On that same note, it’s also totally normal if you don’t bleed during first-time sex, according to Planned Parenthood. Yes, as we mentioned above, it’s common to bleed during your first time when tissue tears around your hymen. Bur if you don’t, it may just mean that your hymen previously tore from a number of different activities, sexual or non-sexual.
8. Sex could cause pain or physical discomfort.
Let us explain. To prep for sex (we’re mostly talking penetrative intercourse here, like vaginal and anal sex), your body needs a warm-up phase of kissing, touching, etc. That’s when the penis erects and vagina lubricates to prepare for sex (because no lubrication = friction = pain). But the tricky part is that nerves can interfere with this arousal process, and you and your partner could get aroused at different speeds.
“Guys are like microwaves and girls are slow cookers,” explains Stardell Smith, a health educator at Mount Sinai Adolescent Health Center in New York City. To check, you can use your fingers to see if you’re ready down there. And if not: Slow. Them. Down. If you’re not wet enough, don’t be concerned — there is nothing wrong. You can also try using lube to mitigate irritation.
9. You should pee after sex.
Some people get urinary tract infections (UTIs) after having sex, due to the bacteria that’s spread from vaginal, anal, or oral sex, according to the Cleveland Clinic. But by peeing after intercourse, you flush those germs out of your urethra (the tube in which urine exits your body) and lessen your chances of getting an infection. The Cleveland Clinic recommends that you pee within 30 minutes of having sex.
If you think you might have a UTI, call your doctor to schedule an appointment. Symptoms include a strong, frequent urge to urinate, a burning sensation when peeing, cloudy urination, blood in the urination, urine with a strong odor, and sometimes, pelvic pain, according to the Mayo Clinic. Often, your doctor or OB/GYN will prescribe an antibiotic, which clears up most UTIs within a few days.
10. There’s no timeline to follow.
Perhaps one of the most confusing questions you will face in your life is, Am I ready to have sex? And it’s extra-complicated when you’re in a relationship (or, you know, a situation-ship) and start to feel like there are expectations on the other end. But just remember that you never owe someone sex, no matter if it’s your whatever-month anniversary or someone’s birthday, prom night, or anything else. Yes, we know. You’re looking for a sign that it’s time. But the truth is, that sign won’t come from anyone else or any date or event... it has to come from you.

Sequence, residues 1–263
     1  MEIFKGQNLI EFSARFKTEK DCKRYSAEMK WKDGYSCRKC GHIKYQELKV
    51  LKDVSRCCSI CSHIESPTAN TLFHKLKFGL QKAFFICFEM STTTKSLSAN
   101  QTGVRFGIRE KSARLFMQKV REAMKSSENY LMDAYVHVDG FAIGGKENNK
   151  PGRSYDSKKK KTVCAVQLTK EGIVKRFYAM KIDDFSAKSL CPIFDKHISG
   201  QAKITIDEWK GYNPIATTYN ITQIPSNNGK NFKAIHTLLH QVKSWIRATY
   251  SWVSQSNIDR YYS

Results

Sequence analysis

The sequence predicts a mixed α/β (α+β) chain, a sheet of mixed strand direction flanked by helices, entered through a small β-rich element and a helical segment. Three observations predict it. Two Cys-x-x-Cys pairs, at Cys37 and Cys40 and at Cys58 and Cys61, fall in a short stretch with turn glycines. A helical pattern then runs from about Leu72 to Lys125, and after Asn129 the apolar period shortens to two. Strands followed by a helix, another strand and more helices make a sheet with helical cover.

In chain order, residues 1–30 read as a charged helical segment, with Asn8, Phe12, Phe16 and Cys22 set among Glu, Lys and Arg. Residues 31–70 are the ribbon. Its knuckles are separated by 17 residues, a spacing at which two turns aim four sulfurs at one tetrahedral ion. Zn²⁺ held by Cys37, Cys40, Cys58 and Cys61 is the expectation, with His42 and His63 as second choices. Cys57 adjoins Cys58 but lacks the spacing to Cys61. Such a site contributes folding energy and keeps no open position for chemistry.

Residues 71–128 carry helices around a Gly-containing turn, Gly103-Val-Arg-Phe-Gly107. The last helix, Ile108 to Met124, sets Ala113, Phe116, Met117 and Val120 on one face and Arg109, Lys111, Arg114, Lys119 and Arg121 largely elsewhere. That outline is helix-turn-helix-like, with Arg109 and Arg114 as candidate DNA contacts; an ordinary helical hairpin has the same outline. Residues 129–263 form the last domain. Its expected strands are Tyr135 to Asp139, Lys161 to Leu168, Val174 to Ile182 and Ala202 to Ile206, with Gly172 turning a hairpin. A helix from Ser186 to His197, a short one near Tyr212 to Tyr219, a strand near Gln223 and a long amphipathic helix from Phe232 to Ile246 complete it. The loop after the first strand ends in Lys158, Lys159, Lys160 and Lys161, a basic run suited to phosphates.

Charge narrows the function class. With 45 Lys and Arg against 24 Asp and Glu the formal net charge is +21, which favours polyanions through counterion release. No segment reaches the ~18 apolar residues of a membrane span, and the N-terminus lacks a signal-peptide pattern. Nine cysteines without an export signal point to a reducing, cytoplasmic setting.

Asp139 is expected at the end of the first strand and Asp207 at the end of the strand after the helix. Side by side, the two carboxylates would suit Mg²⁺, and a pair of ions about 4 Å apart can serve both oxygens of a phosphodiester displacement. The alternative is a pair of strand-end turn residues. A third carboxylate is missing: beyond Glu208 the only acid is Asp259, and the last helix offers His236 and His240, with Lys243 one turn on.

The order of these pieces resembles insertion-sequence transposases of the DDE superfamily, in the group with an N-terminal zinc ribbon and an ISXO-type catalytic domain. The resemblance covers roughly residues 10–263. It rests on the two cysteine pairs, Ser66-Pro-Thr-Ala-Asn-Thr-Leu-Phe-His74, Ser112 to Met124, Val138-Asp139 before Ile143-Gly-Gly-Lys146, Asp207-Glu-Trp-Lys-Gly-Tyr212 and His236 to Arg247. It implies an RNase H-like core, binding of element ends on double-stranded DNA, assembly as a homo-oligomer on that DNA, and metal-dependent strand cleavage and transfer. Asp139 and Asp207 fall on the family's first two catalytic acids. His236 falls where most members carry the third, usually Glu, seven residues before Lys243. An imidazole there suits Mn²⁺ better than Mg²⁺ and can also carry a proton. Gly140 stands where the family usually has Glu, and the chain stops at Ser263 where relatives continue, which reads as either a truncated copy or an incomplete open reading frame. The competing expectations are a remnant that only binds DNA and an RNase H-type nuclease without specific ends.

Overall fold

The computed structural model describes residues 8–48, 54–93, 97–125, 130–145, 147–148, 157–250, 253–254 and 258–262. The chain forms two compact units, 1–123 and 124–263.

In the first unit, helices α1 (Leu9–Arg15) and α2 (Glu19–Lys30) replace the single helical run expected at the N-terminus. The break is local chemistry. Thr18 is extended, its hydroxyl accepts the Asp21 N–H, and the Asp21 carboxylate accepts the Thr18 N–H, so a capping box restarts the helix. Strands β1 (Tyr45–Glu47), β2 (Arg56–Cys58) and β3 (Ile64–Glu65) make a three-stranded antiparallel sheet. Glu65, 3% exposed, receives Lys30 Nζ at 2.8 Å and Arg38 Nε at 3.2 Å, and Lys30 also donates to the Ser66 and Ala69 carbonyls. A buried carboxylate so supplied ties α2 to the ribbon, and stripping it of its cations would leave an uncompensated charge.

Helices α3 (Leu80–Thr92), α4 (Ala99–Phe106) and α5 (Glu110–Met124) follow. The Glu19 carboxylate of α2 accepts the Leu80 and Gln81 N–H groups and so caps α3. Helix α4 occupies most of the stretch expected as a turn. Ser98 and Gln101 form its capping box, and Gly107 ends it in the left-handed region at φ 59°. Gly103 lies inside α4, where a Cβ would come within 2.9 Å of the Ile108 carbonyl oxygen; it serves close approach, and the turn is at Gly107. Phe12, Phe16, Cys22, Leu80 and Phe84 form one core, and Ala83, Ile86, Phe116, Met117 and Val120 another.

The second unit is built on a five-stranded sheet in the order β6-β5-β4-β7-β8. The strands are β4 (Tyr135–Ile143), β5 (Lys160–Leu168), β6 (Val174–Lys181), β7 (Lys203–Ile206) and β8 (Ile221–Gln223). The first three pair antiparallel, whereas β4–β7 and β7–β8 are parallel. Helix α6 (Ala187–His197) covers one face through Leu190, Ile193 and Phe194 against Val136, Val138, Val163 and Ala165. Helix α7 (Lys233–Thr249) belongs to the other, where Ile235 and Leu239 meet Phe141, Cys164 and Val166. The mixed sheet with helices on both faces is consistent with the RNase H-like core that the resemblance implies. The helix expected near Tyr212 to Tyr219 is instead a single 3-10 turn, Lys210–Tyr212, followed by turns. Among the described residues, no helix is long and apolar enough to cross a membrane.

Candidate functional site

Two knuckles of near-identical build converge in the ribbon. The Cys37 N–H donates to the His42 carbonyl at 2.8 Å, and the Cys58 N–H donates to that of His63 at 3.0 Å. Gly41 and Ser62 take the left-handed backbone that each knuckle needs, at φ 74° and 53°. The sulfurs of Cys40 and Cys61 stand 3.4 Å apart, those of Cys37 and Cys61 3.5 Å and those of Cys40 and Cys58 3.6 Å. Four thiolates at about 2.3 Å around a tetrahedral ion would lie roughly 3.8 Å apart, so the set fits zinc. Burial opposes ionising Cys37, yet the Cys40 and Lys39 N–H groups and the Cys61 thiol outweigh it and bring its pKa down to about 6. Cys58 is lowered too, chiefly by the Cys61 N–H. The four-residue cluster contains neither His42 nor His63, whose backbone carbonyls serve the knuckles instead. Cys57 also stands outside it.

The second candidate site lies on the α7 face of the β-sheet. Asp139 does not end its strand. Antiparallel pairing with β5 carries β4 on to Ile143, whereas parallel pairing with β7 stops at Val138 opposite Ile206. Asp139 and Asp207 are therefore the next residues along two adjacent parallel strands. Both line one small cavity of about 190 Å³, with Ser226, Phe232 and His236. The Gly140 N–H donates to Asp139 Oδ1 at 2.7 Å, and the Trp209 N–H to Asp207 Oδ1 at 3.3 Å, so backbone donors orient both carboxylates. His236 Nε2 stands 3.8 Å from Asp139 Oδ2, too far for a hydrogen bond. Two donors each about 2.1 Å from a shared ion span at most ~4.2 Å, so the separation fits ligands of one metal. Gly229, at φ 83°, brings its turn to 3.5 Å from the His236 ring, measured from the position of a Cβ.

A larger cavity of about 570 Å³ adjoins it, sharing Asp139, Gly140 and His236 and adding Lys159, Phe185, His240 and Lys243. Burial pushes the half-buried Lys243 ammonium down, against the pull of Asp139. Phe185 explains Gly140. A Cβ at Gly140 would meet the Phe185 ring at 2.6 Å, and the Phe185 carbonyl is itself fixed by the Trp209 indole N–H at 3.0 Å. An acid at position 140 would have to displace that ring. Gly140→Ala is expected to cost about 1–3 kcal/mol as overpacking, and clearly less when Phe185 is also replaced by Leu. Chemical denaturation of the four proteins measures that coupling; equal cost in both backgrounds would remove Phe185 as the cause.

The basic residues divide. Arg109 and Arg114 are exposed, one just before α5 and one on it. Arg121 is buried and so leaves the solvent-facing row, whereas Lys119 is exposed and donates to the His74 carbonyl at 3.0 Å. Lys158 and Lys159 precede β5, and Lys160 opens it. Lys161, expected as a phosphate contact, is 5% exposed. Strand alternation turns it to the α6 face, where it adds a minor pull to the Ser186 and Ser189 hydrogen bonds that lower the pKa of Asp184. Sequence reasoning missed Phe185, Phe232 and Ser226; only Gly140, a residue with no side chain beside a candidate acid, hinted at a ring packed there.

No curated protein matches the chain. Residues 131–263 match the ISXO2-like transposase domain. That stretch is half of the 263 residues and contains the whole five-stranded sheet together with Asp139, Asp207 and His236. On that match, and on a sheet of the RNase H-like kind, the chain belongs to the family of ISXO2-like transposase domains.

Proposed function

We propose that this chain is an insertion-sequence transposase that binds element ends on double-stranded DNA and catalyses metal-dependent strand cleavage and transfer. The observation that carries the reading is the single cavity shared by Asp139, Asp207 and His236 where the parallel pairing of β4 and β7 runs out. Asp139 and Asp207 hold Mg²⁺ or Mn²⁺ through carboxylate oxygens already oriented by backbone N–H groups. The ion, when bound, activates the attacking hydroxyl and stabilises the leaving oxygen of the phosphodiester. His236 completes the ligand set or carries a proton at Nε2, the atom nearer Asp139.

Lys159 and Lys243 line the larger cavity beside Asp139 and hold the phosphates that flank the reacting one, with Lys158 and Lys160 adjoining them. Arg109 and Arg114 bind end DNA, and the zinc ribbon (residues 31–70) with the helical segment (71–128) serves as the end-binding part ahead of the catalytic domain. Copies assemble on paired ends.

11. It might be awkward the first time.
Movies and TV shows create all kinds of ideas about what first-time sex looks like. Your brain might be full of fireworks-worthy fantasies. You may feel pressured to know exactly what you’re doing. However, you wouldn’t expect yourself to know how to drive a car if you’ve never done it before, so why do you feel that way when it comes to sex? In reality, sex might feel a little awkward and clumsy at first. But you and you partner are just getting to know each other in this intimate way, and it might take a few times until you get into your groove. As long as you’re protecting yourself against STIs and pregnancy, you can do it however feels right (remember: there’s no right or wrong way to have sex for the first time).
“Sex takes place mentally as well as physically,” explains Smith. “So if you feel tense or are scared, which most people do feel their first time, it can be really difficult to enjoy your experience.” Communicate and be honest with your partner about how you’re feeling, and be open about what feels right and what doesn’t. “Whether it’s your first time or your 100th time, communication and comfort are key,” Horejs says.
12. Afterwards, your relationship may change.
Real talk: Losing your virginity can bring you and your S.O. closer. But what no one really talks about is how it can also test your bond in some ways. A late period, a questionable bump down there — sh*t can get serious very fast, and those uncertainties can poke holes in your connection. So, before you make the decision to have sex (any time! not just the first time!), always ask yourself: Is our relationship strong enough to withstand the worst-case scenarios? Can I trust this person to treat me with total respect? This is a big decision, and you’ll need the *ultimate* gut-check.
13. You probably won't orgasm at the same time as your partner, if at all.
The fantasies that movies and other media portray are not reality, so don’t feel too bad if you don’t orgasm your first time. In fact, according to Brown University, one out of three people with vulvas have trouble orgasming when having sex. Because you may not be used to having sex, it’s unlikely that it’ll happen the first time. As you and your partner get more comfortable with each other, explore, and learn what you like and what you don’t like, it’ll likely get easier to reach orgasm during sex.
14. You can still get STIs from other kinds of sex too.
According to Planned Parenthood, it’s possible to get sexually transmitted infections in ways other than vaginal sex. “STIs can be spread by bodily fluid and in direct contact,” Dr. Jones explains. This means you can still be at risk for infection if you’ve had oral or anal sex without using a condom or other form of protection. Because of this, anyone involved may want to get tested just to be on the safe side.
15. Sexual attraction doesn’t always equal an emotional connection.
A lot of people prefer to have sex for the first time with someone they love or care deeply about, but this isn’t always the case. Sometimes, there won’t be an emotional connection with someone you’re physically attracted to. If you’re demisexual, you may only feel sexual attraction for other people after establishing a romantic bond. Sexual and romantic attraction exists on a spectrum, and truly depends on the preferences of each person involved.